GE operations in the U.S. and EMEA (Europe/Middle East/Africa) account for approximately 89% of GE’s worldwide operational emissions, with 67% of the emissions from the U.S. (Figure 3).
Figure 3: GE’s operational emissions by regions in 2012.
GE measures its energy intensity as an indicator of how efficient the company generates revenue using the energy resources. As Figure 4 shows, the energy intensity of GE in 2012 dropped by about 32% compared to the adjusted 2004 baseline.
Figure 4: GE’s operational energy-intensity improvement and target.
GHG EMISSION TYPES
Approximately 95.5% of GE’s operational GHG emissions are CO2 as shown in Figure 5. These emissions result from combustion of fuels and process or fugitive emissions of CO2 from our facilities (direct emissions) and from the generation of purchased electricity, steam and hot water at third-party facilities (indirect emissions). Natural gas accounts for almost 79% of the fuels directly combusted at our operational facilities on an energy-input basis. GE did not combust any coal at operational facilities in 2012.
HFC-134a and HFC-245fa emissions have dropped from 6% in 2011 to approximately 3% of the total GHG emissions in 2012. HFC-134a and HFC-245fa emissions occur during insulation foam-blowing operations at our refrigerator-manufacturing plants. Foam is used to improve the energy efficiency of our refrigerators, and HFCs are substitute foam-blowing agents that GE is using to replace an ozone-depleting substance that is being phased out under the U.S. Clean Air Act. GE has substituted HFC-245fa for HFC-134a in some of these operations to reduce GHG emissions.
Figure 5: Breakdown of GE’s CO2 equivalent emissions by greenhouse gas types.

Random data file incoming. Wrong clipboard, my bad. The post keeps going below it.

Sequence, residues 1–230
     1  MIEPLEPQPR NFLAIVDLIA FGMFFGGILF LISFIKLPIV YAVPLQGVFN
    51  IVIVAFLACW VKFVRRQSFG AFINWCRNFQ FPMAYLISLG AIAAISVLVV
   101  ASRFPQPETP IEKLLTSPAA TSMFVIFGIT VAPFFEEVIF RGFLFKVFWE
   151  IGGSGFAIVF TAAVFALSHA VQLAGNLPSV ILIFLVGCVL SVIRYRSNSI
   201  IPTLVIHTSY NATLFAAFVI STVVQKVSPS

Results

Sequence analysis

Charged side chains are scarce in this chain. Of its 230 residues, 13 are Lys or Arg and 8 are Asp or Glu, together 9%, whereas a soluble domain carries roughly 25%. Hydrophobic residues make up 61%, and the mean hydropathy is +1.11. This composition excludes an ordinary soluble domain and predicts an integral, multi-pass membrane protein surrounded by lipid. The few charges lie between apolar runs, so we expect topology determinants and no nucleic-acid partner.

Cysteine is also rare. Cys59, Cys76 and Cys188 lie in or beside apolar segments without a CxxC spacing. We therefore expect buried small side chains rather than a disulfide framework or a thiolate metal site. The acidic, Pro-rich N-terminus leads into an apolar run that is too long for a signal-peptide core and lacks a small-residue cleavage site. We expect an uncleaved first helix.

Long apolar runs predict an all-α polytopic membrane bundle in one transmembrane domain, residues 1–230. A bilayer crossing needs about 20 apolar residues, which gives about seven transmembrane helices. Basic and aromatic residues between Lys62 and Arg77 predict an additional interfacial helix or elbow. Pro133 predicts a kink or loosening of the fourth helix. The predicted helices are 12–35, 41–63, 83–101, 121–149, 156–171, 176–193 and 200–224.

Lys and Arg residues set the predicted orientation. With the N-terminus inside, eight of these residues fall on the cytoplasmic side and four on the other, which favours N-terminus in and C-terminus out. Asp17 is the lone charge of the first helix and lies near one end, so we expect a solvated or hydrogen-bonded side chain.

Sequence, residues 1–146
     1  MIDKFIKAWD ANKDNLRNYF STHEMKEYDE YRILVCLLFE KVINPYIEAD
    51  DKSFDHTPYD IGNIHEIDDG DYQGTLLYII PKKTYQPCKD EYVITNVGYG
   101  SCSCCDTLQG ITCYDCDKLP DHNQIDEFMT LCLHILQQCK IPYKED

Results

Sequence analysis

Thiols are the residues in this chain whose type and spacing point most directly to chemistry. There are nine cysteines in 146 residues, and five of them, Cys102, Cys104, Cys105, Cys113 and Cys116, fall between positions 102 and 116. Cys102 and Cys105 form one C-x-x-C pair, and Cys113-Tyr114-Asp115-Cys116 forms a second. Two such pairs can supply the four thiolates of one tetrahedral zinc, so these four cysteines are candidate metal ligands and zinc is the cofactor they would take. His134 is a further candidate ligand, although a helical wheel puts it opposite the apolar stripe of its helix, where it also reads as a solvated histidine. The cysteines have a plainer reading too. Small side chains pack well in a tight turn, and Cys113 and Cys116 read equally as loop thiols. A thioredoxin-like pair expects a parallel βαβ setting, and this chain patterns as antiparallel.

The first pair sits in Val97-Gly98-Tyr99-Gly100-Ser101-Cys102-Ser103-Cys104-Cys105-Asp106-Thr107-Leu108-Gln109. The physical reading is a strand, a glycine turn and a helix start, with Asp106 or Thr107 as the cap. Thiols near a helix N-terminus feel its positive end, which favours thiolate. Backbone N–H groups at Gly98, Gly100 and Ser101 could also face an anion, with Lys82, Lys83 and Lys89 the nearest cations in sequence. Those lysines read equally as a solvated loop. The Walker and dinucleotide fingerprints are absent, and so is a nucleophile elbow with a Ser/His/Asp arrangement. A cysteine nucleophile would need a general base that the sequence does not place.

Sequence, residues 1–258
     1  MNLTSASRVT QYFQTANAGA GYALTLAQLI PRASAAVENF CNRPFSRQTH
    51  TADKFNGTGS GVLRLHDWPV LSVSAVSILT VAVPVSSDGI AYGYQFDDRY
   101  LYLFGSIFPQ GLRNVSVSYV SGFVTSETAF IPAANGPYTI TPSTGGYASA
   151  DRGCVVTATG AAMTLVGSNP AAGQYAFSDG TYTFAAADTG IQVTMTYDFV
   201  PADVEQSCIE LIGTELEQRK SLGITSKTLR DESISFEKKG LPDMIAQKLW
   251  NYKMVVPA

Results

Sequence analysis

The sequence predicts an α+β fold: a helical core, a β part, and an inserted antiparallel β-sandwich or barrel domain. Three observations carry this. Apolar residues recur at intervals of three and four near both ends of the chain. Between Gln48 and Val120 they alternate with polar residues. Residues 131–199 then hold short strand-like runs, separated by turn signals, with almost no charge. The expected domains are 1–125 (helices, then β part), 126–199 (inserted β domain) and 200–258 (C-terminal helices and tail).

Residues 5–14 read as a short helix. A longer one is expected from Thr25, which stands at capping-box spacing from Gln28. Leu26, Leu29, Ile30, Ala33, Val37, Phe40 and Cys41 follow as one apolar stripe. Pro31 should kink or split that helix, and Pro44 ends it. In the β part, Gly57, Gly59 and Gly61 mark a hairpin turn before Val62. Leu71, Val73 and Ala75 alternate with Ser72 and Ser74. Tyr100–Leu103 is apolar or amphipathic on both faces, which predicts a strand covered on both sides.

The four categories of data for GE’s operational GHG Inventory are:
- Energy use and emissions data from the largest facilities in the Company (approximately 80% of total GE GHG emissions)
- Desalination plant emissions
- Emissions estimates for small facilities
- Mobile source emissions from centrally managed vehicle fleets and aircraft
GE created a GHG Inventory database in Gensuite® (Gensuite), GE’s proprietary Web-based EHS management system, to collect the necessary detailed inventory data from the following types of facilities:
- All manufacturing, power generation and engine/turbine test facilities
- All service and distribution facilities with greater than 50 employees
- All major business headquarters
- All major stand-alone data centers
GE included 558 worldwide facilities meeting the above criteria in its original 2004 baseline GHG Inventory database and 539 worldwide facilities meeting the above criteria in its 2012 GHG Inventory database. The change in the number of facilities from 2004 to 2012 is the net of those facilities removed from the Inventory because of divestment, closure or consolidation with other facilities; those facilities added to the Inventory because of acquisitions; newly established facilities or separation from facilities included previously; or facilities removed or added to the Inventory because of changes in GHG Inventory boundary determinations.
The GHG Inventory database allows each site to enter the quantity of electricity and fuel used by fuel type and the unit of measure based on its own electricity and fuel purchase and/or combustion records as well as data on emissions of other GHGs. Gensuite calculates the emissions, in metric tons of CO2 equivalents, for each emission category as well as a total for all emission categories. Gensuite allows entry of data for use of coal, liquid fuel, alternative fuels, natural gas and electricity as well as data for other GHG uses in process operations. For some of these categories, a specific subcategory can be chosen (e.g., residual vs. distillate oil).